How to Spend Your Final Week Before the MCAT

When I started studying for USMLE Step 1 (“the boards”), I wondered which aspects of MCAT studying would come up again. Some biochemistry topics felt comfortable (amino acids and protein structure), and some topics required more learning (urea cycle and nucleotide metabolism). Yet, at the end of the day, building a quality study schedule really reminded me of my own MCAT studying and my years of tutoring. Of course the material is different, but building a study plan will always have the same key elements:

    1. Resources to use and checklists for using them
    2. Tracking my practice problem performance
    3. Weekly study timeline

Weekly study timelines never change. You know how much time you have in a week, your upcoming commitments, and plan your studying around those activities. Whether it’s preparing for the MCAT, finals, block exams in medical school, or the board exams, doing this type of planning helps you create realistic goals and sets you up for success. I even modified the MCAT Self Prep weekly study timeline to track my early progress.

MCAT Self Prep Study Schedule

Once you’ve put in 98% of the hard work, scored well on practice exams, and have reached the final week of preparing, your weekly study timeline serves a very different purpose. Before that week, it’s all about maximizing effective study hours, making sure there are no significant holes in your content knowledge, and honing your strategy. But with just days before your actual test, a new priority emerges: being at full strength on test day.

Most advisors and people who’ve taken the MCAT before will tell you to take a break the day before your exam. What’s the point of solidifying 10-15 new pieces of information (of which, maybe none or one will be tested) if it means you’ll be fatigued on test day and only working at 80% or 90% of your full potential? The MCAT is a marathon, with 39 passages and over 6 hours of actual reading and answering questions. Starting the day at 100% energy and focus is the top priority since it can profoundly affect how many questions you get right.

A big part of being 100% on test day is avoiding burnout. To learn more about this, check out our previous blog on 7 Tips to Avoid Burnout. Now, what is the best way to plan that final week of study? I’d recommend working backward in the following order:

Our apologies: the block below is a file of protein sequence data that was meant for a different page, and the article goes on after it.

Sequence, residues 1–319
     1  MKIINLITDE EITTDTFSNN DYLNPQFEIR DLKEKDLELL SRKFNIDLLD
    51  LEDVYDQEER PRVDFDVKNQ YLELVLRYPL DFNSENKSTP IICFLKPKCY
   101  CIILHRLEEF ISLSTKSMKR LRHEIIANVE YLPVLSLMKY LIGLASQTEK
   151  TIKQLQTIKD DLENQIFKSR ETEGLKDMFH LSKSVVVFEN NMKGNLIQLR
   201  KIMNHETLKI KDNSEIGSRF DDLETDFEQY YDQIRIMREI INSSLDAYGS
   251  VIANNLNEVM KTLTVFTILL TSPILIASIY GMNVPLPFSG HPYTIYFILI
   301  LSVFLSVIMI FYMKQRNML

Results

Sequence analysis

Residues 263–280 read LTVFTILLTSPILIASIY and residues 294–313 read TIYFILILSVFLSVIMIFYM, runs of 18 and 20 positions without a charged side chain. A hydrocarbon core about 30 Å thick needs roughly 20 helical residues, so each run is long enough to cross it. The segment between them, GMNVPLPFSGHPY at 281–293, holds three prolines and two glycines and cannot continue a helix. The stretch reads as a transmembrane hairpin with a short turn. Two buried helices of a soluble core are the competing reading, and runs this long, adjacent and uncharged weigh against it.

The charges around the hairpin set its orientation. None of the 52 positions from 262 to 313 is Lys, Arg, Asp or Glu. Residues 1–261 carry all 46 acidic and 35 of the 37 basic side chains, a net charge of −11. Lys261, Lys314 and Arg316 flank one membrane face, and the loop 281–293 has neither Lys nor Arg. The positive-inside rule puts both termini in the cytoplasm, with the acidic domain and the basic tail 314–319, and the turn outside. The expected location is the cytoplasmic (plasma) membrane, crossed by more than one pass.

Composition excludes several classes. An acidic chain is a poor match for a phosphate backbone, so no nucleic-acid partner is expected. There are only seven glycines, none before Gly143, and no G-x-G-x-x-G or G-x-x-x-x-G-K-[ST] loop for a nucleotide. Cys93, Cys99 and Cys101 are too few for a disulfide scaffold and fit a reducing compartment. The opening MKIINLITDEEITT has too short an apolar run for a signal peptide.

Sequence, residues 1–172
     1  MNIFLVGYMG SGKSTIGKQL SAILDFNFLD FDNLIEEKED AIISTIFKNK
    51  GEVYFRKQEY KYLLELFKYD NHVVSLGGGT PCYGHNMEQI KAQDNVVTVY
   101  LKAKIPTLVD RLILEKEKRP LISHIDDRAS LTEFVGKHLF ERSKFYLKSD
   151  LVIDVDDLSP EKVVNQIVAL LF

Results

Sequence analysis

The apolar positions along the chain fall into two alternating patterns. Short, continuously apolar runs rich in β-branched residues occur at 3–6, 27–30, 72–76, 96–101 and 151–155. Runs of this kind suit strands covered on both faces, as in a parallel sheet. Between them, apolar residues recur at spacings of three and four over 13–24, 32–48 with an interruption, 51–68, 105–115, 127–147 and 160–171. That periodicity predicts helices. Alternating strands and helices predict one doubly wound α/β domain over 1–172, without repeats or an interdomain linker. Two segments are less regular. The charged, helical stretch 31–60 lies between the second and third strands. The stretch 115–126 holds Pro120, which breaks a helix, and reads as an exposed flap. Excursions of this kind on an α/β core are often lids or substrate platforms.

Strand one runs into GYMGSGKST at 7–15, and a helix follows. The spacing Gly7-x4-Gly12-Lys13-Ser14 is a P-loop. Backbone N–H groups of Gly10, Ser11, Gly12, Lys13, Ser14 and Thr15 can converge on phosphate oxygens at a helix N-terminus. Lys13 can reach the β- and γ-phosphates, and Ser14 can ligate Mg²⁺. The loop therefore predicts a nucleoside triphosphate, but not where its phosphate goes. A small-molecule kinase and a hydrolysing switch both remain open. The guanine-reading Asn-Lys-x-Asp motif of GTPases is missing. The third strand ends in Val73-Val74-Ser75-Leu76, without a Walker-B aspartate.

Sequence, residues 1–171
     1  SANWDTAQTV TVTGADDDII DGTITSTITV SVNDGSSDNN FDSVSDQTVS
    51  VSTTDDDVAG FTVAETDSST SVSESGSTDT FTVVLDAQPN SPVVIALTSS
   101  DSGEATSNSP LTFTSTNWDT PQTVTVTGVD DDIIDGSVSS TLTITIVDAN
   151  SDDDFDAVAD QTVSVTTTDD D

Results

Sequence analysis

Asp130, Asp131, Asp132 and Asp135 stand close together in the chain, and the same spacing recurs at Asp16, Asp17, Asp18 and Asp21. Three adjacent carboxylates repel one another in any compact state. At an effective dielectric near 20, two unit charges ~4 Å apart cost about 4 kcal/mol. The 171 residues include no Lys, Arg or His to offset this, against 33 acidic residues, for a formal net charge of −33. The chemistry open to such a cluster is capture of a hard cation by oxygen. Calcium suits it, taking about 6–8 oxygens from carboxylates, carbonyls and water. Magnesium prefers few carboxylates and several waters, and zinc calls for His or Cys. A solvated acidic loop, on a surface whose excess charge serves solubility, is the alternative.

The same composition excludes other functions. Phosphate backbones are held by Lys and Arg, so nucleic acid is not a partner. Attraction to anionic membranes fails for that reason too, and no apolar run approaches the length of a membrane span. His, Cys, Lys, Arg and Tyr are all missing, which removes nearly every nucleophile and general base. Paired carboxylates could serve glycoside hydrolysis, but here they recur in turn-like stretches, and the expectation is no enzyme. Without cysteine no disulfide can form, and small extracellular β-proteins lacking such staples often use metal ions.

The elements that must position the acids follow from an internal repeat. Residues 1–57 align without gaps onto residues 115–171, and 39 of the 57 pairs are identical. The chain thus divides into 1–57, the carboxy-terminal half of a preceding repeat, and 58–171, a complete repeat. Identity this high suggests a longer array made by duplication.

1. One day before the test, plan on studying for 0-2 hours. No practice problems, only reviewing high yield topics, and the minute you feel fatigued or tired, stop immediately. Am I feeling tired when you wake up? Don’t study at all. Don’t risk being fatigued on test day.
    2. Two days before the test is the last real day of studying, and you should heavily focus on notecard review here. Practice problems are for building a strategy and showing you what areas you still need to study; as your last real day of learning, this is too late. Focus on topics you have seen before but don’t have fully memorized.
    3. 3-5 days before the test is far enough out that new practice problems can be done. If you haven’t exhausted the AAMC question packs and section bank, use those now (and convert those questions into predicted AAMC scores using our Study Plan). The focus should be on memorizing high-yield details and understanding the foundational concepts. 
    4. ~6 days before the test is the last day, I would recommend doing full-length exam. You need time to recover from these long tests and enough time to actually review those answers and learn the material you missed.

With all of this free time built into the final week and stress about the exam, how can you effectively spend your time? My top tip would be finding a form of physical activity and socialization that works well for you, and planning it ahead of time. If you enjoy hiking, text your friends and tell them to plan a trip a day or two before your test. Even jogging or walking the day before your exam can help you burn that excess energy, reduce your stress levels, and sleep better the night before the exam, which is a big part of being 100% on test day. 

If you’re reading this and freaking out about only having a week left before your exam, take a breath and write down those bulleted points. Everyone feels stressed before big exams, even test experts. It’s all about finding the right balance between studying enough to feel prepared and resting enough not to have regrets walking out of that testing center. Those tips above will work for almost any student. Still, if you have extenuating circumstances or want more personalized help building a study plan, we can have a free 10-minute consultation on how a tutoring session could help you make that final push. Good luck studying!

Warm Regards,


MCAT self prep tutor Timothy NolanMCAT Self Prep Elite Tutor Timothy Nolan

Timothy is a medical student who has helped over 100 students succeed on the MCAT. Not only did he score in the 99th percentile, he also has extensive understanding of MCAT questioning and has written hundreds of practice questions!